« PreviousContinue »
As the child grew God's blessing was upon him, , and the Spirit of the Lord was seen to move and guide him. God gave Samson the gift of very great strength and power, more than any other man then living. One day he was going down to Timnath, and in the vineyards there came a young lion forth upon him. Then the Spirit of the Lord came mightily upon Samson, so that although he had no weapon of any sort in his hand, he killed the lion as he might have done a kid. Samson did not tell any one what he had done. After a time he came back the same way, and he went to look for the lion's
And, behold, there was a swarm of bees and honey in the carcase of the lion. Then Samson took some of the honey and ate it, and he gave some to his father and mother, but still he did not tell them whence it came.
Now Samson had found a wife at Timnath, and during the wedding feast he asked a riddle of the men of that city, saying, “ If ye can certainly declare it me within the seven days of the feast, and find it out, then will I give you thirty sheets, and thirty changes of garments ; but if ye cannot declare it me, then shall ye give me thirty sheets and thirty changes of
garments.” They accepted the challenge, so Sam
son put forth his riddle. It was this: “ Out of the eater came forth meat, and out of the strong came forth sweetness.”
The seven days were almost over, and no one had been able to find out the riddle. Then the neighbours went to Samson's wife, and threatened that unless she would entice her husband to tell her the answer, they would burn her father's house. So she wept, and intreated Samson, till at last he could withstand her no longer, and he told her, and she told the men of her city. Then they came at the time fixed, before the sun went down, and answered, “What is sweeter than honey, and what is stronger than a lion ?" Samson was angry, and reproached them with the unfair way in which they had found out his riddle, but still he paid them the promised things.
Samson went back to his own country in his wrath, and when he returned to Timnath, he found that his wife's father had given her to another husband. Then he was very angry, and he went and caught three hundred foxes, and tied them two and two together, with a burning firebrand between their tails, and turned them into the Philistines' standing corn; and it was all burnt, as well as the olives and vine
yards. The Philistines, in revenge, burnt Samson's father-in-law and his wife, and their house. Then Samson slew them with a great slaughter, and afterwards he went and dwelt on the top of a rock called Etam.
The Philistines came up into Judah to take Samson prisoner; and the men of Judah, who were subject to the Philistines, and afraid of them, went to Samson, saying, “ Knowest thou not that the Philistines are rulers over us? What is this that thou hast done unto us?” Samson answered, “ As they did unto me, so have I done unto them.”
The men of Judah wanted to bind Samson, and deliver him over to the Philistines, hoping by doing so to escape their vengeance. Samson allowed them to bind him with strong new cords ; but when he came to Lehi, and the Philistines shouted against him, the Spirit of the Lord came mightily upon him, and the cords that were upon his arms became as flax that was burnt with fire, and his bands loosed from off his hands. And he found for a weapon the jawbone of an ass, and with that, instead of sword or spear, he slew a thousand men, and delivered Judah from the Philistines. But when the battle was over, and Samson had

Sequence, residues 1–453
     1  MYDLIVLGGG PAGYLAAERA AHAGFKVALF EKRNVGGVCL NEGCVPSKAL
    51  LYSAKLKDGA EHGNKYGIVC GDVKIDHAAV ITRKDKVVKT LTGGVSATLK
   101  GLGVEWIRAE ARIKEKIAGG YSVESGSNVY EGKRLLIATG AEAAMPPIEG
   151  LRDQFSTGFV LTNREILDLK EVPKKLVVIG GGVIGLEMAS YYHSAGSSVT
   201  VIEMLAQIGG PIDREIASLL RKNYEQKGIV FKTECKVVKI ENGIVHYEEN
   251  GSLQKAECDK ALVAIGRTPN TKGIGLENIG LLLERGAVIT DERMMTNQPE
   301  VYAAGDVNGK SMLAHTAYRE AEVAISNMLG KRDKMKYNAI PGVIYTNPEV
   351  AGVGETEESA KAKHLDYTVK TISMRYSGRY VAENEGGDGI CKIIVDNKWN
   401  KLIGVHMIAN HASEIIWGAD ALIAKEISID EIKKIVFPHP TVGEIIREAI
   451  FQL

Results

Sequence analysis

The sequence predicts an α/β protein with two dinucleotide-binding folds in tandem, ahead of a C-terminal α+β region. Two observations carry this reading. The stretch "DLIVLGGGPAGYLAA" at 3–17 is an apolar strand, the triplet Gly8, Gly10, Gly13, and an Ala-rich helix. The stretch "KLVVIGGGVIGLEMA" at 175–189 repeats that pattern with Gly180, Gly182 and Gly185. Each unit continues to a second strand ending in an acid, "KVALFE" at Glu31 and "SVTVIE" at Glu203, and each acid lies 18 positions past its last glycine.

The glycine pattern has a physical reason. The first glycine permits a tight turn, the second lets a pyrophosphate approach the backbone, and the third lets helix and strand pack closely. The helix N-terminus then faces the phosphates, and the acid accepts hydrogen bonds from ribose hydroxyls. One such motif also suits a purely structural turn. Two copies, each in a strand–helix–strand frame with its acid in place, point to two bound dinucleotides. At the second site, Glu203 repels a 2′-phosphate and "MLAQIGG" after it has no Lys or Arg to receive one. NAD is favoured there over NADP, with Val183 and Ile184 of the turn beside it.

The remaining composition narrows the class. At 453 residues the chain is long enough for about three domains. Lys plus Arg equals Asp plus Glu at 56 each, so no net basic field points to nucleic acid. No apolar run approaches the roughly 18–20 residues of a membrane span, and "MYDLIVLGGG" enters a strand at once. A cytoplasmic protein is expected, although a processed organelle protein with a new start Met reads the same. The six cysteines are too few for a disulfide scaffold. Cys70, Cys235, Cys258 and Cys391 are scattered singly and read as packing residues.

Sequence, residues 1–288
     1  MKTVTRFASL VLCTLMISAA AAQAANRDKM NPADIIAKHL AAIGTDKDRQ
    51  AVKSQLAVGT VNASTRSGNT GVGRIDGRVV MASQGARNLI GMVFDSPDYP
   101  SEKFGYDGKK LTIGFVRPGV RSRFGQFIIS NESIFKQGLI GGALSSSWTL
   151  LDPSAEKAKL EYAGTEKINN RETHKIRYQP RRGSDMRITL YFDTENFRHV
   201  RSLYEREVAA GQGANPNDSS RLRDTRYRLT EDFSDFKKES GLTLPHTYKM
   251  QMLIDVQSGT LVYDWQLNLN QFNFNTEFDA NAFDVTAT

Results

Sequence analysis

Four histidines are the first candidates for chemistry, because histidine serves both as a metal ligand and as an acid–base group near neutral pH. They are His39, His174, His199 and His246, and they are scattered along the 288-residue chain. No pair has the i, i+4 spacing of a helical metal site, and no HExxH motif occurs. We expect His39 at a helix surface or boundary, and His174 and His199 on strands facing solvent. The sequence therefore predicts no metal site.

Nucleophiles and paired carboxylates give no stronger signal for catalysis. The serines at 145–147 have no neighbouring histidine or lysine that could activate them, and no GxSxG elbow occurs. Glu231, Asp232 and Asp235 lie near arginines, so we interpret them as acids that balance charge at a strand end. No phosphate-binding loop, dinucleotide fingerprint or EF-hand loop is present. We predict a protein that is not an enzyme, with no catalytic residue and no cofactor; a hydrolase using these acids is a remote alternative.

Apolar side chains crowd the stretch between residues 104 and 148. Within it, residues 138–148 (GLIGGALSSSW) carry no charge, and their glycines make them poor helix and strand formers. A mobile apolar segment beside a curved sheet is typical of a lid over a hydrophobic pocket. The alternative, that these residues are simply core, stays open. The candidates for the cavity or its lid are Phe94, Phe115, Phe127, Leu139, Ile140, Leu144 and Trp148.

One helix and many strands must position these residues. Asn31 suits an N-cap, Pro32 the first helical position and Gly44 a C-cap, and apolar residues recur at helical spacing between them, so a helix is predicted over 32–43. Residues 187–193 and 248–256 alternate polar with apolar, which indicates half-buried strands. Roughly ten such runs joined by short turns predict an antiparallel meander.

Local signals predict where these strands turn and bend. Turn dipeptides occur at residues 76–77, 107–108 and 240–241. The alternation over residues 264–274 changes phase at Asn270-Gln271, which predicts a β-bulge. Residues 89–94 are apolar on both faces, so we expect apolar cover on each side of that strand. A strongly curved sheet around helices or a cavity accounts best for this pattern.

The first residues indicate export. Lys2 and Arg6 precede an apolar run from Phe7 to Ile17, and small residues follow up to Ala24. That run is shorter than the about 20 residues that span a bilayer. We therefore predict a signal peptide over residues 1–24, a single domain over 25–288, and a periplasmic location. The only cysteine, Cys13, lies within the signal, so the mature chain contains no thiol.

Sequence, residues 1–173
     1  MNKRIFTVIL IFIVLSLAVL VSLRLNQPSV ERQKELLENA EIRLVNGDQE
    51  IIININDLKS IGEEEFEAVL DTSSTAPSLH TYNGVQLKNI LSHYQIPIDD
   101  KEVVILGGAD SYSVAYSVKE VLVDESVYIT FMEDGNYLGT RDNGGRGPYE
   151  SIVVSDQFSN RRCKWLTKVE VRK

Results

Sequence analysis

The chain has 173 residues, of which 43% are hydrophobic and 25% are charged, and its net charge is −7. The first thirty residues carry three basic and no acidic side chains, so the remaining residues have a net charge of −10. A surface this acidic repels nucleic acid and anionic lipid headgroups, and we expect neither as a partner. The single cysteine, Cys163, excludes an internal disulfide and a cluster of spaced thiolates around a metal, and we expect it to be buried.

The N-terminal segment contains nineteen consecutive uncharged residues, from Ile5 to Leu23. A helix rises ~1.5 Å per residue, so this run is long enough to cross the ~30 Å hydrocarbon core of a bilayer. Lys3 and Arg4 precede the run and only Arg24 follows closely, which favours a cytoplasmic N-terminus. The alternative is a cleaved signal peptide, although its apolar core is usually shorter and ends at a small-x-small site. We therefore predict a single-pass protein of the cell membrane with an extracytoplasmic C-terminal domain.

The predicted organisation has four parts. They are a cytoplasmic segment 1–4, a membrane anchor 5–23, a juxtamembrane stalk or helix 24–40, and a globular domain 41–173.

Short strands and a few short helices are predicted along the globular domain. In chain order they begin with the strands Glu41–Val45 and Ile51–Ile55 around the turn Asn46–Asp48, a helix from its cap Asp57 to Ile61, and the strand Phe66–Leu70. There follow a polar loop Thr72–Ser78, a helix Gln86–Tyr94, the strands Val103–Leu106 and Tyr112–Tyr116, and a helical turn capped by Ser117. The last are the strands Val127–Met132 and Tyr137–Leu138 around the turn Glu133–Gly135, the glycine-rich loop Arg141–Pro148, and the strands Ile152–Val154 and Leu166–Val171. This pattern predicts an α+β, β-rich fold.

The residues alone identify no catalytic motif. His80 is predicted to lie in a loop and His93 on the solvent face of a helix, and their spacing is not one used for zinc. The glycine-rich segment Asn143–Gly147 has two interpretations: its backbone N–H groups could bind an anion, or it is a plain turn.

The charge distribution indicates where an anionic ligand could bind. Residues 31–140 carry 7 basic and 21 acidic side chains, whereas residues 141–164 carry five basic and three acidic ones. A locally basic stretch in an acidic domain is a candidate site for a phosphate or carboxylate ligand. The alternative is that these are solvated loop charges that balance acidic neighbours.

away the jawbone, he was quite overcome with thirst.
Then he called upon the LORD, and said, “Thou hast given this great de
“ liverance into the hand of Thy servant: and now shall I die for thirst, and fall into the hand of the uncircumcised ?” Then God turned the ass's jawbone into a fountain of water, and Samson drank, and he revived, and his spirit came again.
Another time he went to the town of Gaza, and carried away the gates of the city, taking them up to the top of a hill by Hebron.
But Samson's days of greatness were coming to an end. There was a Philistine woman named Delilah whom Samson loved, and through her his enemies tried to get the mastery over him. They came to her and said, “Entice him, and see wherein his great strength lieth, and by what means we may prevail against him that we may bind him to afflict him, and we will give thee every one of us eleven hundred pieces of silver."
Then Delilah asked Samson to tell her wherein his great strength lay, and how he might be bound ? He made answer, that if they bound him with seven green withs that had never been dried, he should be weak like any other man.
So Delilah got the green withs and bound Samson, having hid several men ready to seize him. Then she called out, saying, “ The Philistines be upon thee, Samson ;” and he sprang up and burst the witbs, as a thread of tow is broken when it touches fire. Delilah said he had mocked her, and she begged him really to tell ber what bonds would be strong enough to hold him. This time Samson told her that if he were bound with new ropes which had never been used, he should be weak like any other man; but when Delilah tried them, he broke through the new ropes as he had done before. Again Delilah reproached him, and he told her that if the seven locks of his hair were woven with a web, he would be helpless. So she fastened his hair into the weaver's web while Samson was asleep, and when he was roused he went forth, carrying the web and the weaver's pin with him.
Delilah said to him, “How canst thou say, I love thee, when thine heart is not with me? Thou hast mocked me these three times, and hast not told me wherein thy great strength lieth.” And it came to pass, when she pressed him daily with her words, and urged him so that his soul was vexed unto death, that he